Fabry disease - heredity and treatment

Fabry disease patients tire fatiguely during exercise and are often plagued by pain. This can cause problems for children and adolescents at school and with classmates - especially if the disease is still unrecognized and not treated. Due to the pain, many suffer from depression and hopelessness, they feel isolated and alienated from others. It may therefore be helpful for them to join a support group where they can interact with others.

Fabry disease: therapy and treatment

Since the summer of 2001, it has been possible to deliver the missing enzyme in the form of a regular infusion to patients with Fabry disease. By administering the drug, deposits in blood vessels and tissues can be prevented, and any deposits left by the enzyme can be removed. With this therapy, Fabry disease patients have for the first time the good chance to reach normal age.

Important: The earlier the disease is detected, the better it can prevent further progression.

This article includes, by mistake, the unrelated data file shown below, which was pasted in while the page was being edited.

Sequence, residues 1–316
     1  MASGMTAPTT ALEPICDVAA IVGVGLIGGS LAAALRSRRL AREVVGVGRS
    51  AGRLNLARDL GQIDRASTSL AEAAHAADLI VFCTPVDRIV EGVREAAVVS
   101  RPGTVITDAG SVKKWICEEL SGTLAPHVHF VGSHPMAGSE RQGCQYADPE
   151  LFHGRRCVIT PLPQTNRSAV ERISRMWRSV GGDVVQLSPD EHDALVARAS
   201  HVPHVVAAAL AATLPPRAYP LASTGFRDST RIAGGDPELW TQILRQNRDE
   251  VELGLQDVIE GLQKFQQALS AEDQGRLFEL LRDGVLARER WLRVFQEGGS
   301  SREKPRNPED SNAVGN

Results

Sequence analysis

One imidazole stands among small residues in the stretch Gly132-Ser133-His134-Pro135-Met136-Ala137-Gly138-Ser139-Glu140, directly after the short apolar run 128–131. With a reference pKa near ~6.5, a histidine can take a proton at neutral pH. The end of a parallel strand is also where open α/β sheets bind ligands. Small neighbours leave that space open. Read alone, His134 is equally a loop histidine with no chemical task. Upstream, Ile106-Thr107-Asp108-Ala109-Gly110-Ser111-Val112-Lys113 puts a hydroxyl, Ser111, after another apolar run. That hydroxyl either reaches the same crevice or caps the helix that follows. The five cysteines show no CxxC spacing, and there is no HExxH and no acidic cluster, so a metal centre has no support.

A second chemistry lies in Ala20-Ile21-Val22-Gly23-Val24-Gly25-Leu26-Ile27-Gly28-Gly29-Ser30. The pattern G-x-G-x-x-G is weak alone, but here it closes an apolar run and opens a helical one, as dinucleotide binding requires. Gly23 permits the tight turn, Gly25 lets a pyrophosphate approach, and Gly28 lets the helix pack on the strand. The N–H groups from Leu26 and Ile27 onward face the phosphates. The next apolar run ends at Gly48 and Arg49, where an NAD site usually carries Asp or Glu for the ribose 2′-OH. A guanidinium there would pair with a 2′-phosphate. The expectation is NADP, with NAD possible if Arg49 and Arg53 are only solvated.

Fabry disease: frequency and heredity

Each person always inherits an X chromosome from the mother and an X or Y chromosome from the father. If the father passes on an X chromosome, the child becomes female (XX); If the child inherits a Y chromosome, it becomes male (XY).

In Fabry disease, the defective gene is located on the X chromosome. Therefore, both men and women can carry an altered gene because every human being has at least one X chromosome. Because Fabry disease is an X-linked disease, there is no inheritance of the disease from father to son.

Diseased fathers pass on the defective gene to all daughters. Women who have two X chromosomes and carry the genetic defect on a chromosome can be symptomless carriers or have various degrees of serious illness. In any case, they carry the 50% risk of passing the defective gene on to their offspring. Sons who inherit the diseased gene from the mother, get sick in any case.

Important: Affected individuals should have their doctor create a family medical family tree to better understand the risk of inheriting Fabry disease. Such a pedigree may also benefit living relatives and future generations, not just in the context of Fabry disease.

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